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because there will be lots more people who need vaccine shots and we need to find them. >> there are some states that are ahead of the biden schedule as announced today in new york state, for one is reportedly already offering the vaccine to 16-year-olds and above. how do you expect this to go, because some states are going to be doing this at very different paces? >> you know, it's funny, as we started talking to states and said, look, we might be moving the date forward to april 19th, they gave everybody a chance to get out ahead. and, you know, we want states to be able to go as quickly as they can possibly go knowing we're going to be pushing on the back end there a bit. what's really important now is that seniors, even though we have 76% of seniors with their first shot, we would love to get that over 80%, and we should push to do that as quickly as possible. because come the 19th in many states, there's going to be long lines again.
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so if you are a senior or you have a senior in your family and they just haven't gotten that first shot yet, now is a perfect time, now and in the next week would be a great time to go get your first shot, because then we're going to push for the rest of the country eligible to be vaccinated soon after that. >> i want to mention something that dr. michael osterholm said on sunday. >> we will see more globally since the pandemic. we haven't really even begun to see it yet. >> what's your reaction to that, and if there is a surge here, will the vaccine protect against that? >> i think it already is. i think if we had not had the rate in the level of vaccinations we've had so far, it would look a lot more like it does in europe right now where you've got much higher peaks.
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we have seen some increases, and i think it's important we take stock of the fact that even with all these vaccinations, we're seeing a slight uptick. we're averaging 60,000 cases a day. but if we keep accelerating our vaccinations, and one of the reasons the president is pushing so hard to do more vaccinations, we've done a day of 4 million vaccinations, is because if we can accelerate our vaccinations, we can meet and beat the threat. there are plenty of people out there with plenty of projections. nobody knows the future. what i can tell you if we hadn't vaccinated 60% of seniors and close to half of adults, we would be in a much worse situation, so let's get the rest of the way there. >> how far away are we from knowing how effective the current vaccines are against the variants that have developed after those vaccines were developed? >> it's a great question, lawrence. for the variants of concern, and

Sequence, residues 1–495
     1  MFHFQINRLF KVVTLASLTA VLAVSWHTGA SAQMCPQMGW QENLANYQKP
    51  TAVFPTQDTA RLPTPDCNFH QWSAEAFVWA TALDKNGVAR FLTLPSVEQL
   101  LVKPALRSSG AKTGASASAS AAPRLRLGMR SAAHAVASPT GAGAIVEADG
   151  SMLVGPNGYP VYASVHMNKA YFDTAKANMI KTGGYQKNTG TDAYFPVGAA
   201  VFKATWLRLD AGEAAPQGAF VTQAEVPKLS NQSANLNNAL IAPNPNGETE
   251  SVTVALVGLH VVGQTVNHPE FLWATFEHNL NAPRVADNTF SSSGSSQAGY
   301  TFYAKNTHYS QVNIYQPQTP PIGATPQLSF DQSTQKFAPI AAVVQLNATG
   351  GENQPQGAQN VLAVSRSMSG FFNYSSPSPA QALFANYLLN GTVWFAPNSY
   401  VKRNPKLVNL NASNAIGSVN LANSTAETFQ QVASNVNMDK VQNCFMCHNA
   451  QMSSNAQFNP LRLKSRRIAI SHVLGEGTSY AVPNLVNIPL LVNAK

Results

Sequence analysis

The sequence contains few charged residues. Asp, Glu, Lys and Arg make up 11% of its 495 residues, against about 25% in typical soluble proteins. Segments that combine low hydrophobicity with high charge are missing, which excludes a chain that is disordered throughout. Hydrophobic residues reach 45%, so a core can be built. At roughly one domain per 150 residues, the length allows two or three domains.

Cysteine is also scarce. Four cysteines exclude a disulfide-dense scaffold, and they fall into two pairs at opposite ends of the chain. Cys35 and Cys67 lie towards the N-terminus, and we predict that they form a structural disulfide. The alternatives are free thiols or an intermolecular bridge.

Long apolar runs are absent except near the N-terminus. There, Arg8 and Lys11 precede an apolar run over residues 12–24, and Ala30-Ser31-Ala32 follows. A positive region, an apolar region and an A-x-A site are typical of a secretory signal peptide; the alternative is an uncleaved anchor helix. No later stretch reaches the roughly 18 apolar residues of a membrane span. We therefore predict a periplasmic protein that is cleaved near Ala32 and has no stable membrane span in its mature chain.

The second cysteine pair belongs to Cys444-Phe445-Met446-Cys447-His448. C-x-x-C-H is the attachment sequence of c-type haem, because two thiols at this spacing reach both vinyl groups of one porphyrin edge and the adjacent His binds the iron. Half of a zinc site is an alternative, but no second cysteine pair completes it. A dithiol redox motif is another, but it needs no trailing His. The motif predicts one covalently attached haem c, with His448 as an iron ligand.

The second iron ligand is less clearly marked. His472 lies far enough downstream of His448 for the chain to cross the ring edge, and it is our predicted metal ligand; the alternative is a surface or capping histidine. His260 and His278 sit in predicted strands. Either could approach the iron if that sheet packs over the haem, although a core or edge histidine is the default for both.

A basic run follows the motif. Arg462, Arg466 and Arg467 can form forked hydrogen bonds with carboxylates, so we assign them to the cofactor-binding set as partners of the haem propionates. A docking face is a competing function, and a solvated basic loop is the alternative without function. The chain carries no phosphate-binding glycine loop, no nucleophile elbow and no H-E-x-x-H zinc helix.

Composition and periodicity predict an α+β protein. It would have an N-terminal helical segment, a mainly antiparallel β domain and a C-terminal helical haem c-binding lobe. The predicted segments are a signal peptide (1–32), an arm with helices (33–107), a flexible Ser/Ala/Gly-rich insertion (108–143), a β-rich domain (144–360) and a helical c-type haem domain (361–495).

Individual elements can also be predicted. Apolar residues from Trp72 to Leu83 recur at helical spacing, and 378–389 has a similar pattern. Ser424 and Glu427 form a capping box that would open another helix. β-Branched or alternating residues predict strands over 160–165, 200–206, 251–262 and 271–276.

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there are roughly three from outside the u.s. and there's a couple called variants of interest, the distinction is a little bit hard to explain, but i guess a variant of concern is worse and a variant of interest is something they're watching. the good news is that the vaccines, all three of the vaccines, seem to be effective against all of these variants in one form or another. now, there may someday be a variant as happens with other illnesses like, say, the flu or other things where there are modifications that we will need to amend the vaccines for. right now the vaccine manufacturers are in trials to see if there are additional vaccines or additional boosters that might be required, but the very good news is that while they work to varying degrees on different ones of these viruses, we will see, particularly against the three of most concern, these vaccines do a pretty good job, if not just as good a job.
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>> andy slavitt, thank you very much for including us in your busy workday. we really appreciate it. >> thank you, lawrence. coming up, we will have the breaking news from the "new york times" on matt gaetz asking the trump white house for a preemptive blanket pardon for himself and for unnamed members of congress. that's next. that's next. you're on it. staying fit and snacking light? yup, on it there too. you may think you're doing all you can to manage type 2 diabetes and heart disease... ...but could your medication do more to lower your heart risk? jardiance can reduce the risk of cardiovascular death for adults who also have known heart disease. so, it could help save your life from a heart attack or stroke. and it lowers a1c. jardiance can cause serious side effects including dehydration, ...genital yeast or urinary tract infections, and sudden kidney problems. ketoacidosis is a serious side effect that may be fatal.
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in a breaking news report tonight, the "new york times" says that congressman matt gaetz who is under investigation for possible sex trafficking charges privately asked for a pardon from donald trump in the final weeks of the presidency. he privately asked for blanket preemptive pardons for himself and any congressional allies for
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any crimes they may have committed, said two people told of the discussions. on november 24th, when donald trump and matt gaetz were pretending that donald trump would be president for life, congressman gaetz went on fox to prepare his supporters and trump supporters for what he hoped would be pardons for everyone. >> president trump should pardon michael flynn, he should pardon the thanksgiving turkey, he should pardon everyone from himself to administration officials to joe exotic if he has to, because you see from the radical left a bloodlust that will only be quenched if they come after the people who worked so hard to animate the trump administration with the policies and the vigor and the effectiveness that delivered for the american people, so i think the president ought to wield that pardon power effectively and robustly. >> the "times" reports that it's unclear weather matt gaetz or